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Incorporating CRM Data into Your Google Ads Data

 In Google Ads, PPC and Remarketing

After launching a Google Ads campaign, many advertisers eventually arrive at the same question – is this effective at driving business? Usually this happens a few months into campaign management, once the excitement of some initial wins (i.e. raising CTR, lowering CPC) has worn off. For lead gen businesses, in particular, it’s a valid concern because even when conversion tracking has been enabled to count initial metrics like form fills and phone calls, it’s still difficult to tell how these actions mature down the sales funnel. That’s why it’s especially important to have a good way to measure campaign success past the initial form fill.

Take, for example, the following scenario. If asked to pick the most successful campaign from a lead acquisition perspective, most would choose campaign B since it clearly delivered the majority of leads at the lowest lead cost.

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However, when looking at a fuller data picture, this may only tell part of the story. By integrating CRM data (MQLs in this case), we can add two additional columns to this chart and see that it’s actually campaign A that drives the highest percentage of qualified leads. Taking this into consideration, an advertiser may choose to dial back spend on campaign B, while pushing more funding into campaign A.

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Now that we know why it’s important to integrate this deeper funnel data, we can move on to how to do it. There are a variety of options here and what’s best suited for a particular advertiser will depend on multiple factors such as overall lead volume, the CRM system being used, the scope of the Google Ads account, etc.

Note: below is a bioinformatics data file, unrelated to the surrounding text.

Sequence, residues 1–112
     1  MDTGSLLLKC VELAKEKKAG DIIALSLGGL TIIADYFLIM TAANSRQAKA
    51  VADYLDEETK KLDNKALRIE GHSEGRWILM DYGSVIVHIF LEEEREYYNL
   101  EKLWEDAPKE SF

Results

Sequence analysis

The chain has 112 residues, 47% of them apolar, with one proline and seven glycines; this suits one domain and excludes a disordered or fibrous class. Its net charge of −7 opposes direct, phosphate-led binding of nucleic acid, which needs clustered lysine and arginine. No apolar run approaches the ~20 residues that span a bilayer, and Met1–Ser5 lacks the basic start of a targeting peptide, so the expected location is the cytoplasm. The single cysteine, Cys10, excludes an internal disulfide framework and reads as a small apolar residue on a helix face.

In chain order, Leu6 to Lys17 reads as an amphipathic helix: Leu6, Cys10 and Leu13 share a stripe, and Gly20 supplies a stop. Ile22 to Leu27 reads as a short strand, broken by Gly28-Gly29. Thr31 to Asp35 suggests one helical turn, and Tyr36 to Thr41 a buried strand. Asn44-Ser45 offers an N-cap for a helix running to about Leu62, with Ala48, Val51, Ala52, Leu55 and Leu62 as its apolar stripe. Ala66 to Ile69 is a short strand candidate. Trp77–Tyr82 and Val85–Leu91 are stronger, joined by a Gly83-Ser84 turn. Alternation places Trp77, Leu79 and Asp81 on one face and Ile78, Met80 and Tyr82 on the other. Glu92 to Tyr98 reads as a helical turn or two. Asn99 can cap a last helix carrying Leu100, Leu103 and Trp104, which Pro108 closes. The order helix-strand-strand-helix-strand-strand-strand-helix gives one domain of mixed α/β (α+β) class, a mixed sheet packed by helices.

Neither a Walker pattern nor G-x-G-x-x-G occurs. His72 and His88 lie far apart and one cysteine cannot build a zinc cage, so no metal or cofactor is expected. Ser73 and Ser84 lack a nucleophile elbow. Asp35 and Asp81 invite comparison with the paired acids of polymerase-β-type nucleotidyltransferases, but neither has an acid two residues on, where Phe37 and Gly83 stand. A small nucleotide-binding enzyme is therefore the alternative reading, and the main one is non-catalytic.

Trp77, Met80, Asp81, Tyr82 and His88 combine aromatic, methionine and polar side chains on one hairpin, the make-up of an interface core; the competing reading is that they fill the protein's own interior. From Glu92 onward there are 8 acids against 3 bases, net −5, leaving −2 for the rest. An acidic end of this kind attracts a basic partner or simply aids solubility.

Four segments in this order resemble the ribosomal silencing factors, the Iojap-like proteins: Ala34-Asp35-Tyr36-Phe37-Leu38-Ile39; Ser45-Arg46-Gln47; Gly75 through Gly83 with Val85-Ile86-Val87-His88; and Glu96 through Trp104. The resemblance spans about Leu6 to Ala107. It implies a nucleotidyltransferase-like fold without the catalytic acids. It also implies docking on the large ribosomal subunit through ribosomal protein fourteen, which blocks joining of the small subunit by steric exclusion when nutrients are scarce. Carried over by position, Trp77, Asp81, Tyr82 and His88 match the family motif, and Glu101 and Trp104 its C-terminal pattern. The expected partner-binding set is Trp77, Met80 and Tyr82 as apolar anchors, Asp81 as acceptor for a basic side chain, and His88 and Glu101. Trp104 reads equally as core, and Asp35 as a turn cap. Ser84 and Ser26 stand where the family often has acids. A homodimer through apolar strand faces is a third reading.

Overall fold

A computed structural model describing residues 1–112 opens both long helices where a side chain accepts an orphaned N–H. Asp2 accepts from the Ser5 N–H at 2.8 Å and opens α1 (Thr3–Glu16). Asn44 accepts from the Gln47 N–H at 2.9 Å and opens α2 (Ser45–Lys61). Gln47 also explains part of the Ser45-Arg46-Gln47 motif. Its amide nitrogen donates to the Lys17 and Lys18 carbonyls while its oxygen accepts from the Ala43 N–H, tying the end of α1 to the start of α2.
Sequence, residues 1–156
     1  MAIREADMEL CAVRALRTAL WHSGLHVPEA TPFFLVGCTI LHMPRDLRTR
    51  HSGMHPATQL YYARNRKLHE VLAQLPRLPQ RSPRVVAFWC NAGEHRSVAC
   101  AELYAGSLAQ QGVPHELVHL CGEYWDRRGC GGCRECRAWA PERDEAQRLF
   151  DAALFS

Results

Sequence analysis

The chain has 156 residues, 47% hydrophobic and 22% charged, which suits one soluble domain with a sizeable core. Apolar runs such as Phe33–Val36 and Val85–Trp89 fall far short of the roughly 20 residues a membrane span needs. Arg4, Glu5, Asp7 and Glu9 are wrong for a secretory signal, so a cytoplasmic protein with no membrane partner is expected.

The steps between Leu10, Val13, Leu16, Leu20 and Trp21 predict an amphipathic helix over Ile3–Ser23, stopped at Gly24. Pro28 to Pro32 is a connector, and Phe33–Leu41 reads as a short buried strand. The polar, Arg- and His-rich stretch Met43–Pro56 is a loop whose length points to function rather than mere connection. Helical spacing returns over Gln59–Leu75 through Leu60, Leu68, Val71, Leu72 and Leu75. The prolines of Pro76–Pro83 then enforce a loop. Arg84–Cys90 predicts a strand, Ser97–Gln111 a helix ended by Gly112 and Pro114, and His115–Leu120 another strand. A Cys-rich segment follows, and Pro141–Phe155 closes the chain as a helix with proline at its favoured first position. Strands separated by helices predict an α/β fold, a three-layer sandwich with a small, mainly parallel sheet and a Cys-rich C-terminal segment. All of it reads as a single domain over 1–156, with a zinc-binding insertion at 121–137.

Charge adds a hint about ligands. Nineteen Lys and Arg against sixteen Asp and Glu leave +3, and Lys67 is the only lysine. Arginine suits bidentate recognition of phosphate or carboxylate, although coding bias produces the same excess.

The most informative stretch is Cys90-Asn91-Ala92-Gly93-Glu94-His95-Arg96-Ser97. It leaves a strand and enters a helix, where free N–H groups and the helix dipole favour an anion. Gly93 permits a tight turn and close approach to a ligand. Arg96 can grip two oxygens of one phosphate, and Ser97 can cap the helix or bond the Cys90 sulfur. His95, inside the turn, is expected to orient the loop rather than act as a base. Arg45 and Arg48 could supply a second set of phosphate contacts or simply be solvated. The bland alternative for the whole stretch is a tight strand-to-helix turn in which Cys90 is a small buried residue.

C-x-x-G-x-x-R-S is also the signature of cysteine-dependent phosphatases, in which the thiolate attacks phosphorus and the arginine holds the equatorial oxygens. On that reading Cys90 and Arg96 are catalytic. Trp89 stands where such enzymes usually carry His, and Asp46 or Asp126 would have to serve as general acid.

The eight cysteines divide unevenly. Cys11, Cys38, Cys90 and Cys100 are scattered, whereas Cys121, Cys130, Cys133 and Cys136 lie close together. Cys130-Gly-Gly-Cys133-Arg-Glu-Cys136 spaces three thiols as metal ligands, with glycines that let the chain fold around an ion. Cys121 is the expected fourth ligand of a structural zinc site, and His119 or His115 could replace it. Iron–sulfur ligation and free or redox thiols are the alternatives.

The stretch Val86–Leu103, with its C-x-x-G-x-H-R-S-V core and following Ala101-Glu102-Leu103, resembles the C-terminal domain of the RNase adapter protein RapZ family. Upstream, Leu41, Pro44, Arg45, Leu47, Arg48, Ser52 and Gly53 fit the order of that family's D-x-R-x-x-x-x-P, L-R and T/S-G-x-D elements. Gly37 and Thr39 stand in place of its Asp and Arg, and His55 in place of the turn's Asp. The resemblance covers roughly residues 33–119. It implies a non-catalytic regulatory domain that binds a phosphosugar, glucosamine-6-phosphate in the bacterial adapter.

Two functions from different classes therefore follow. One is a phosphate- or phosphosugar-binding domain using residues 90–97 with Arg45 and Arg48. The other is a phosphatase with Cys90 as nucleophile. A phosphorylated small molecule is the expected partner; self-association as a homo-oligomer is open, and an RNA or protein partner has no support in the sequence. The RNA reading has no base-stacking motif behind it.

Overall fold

1. Manual UTM Tagging

This is the simplest option for many advertisers since it can be done directly in the ads platforms without additional development/API work. Manual tagging simply involves adding specific UTM parameters to your ad or keyword level URLs in a string like the example below. At the very least, it’s good to add easily identifiable source, medium, and campaign params so you can clearly see anything coming from Google Ads (source/medium) and the campaign it’s coming from.

www.url.com?utm_source=google&utm_meduim=cpc&utm_campaign=campaign1

It’s also possible to add additional parameters to track for keyword, ad, device, etc. and Google has a great guide for these params, along with URL builders for error-proof tagging. The UTMs will then pass from ad click to landing page to CRM when a prospect fills out a lead form, which can then be categorized by the sales team according to their funnel definitions.

Since this method does not actually push data back into the ads platform, it’s most ideal for advertisers with lower lead volume levels and smaller ad campaigns, where manual data matchup from a CRM export will be easier.

Pros

  • Simple set up in ads platform
  • Extensive options for custom and dynamic parameters
  • Similar set up for Google and Microsoft Ads

Cons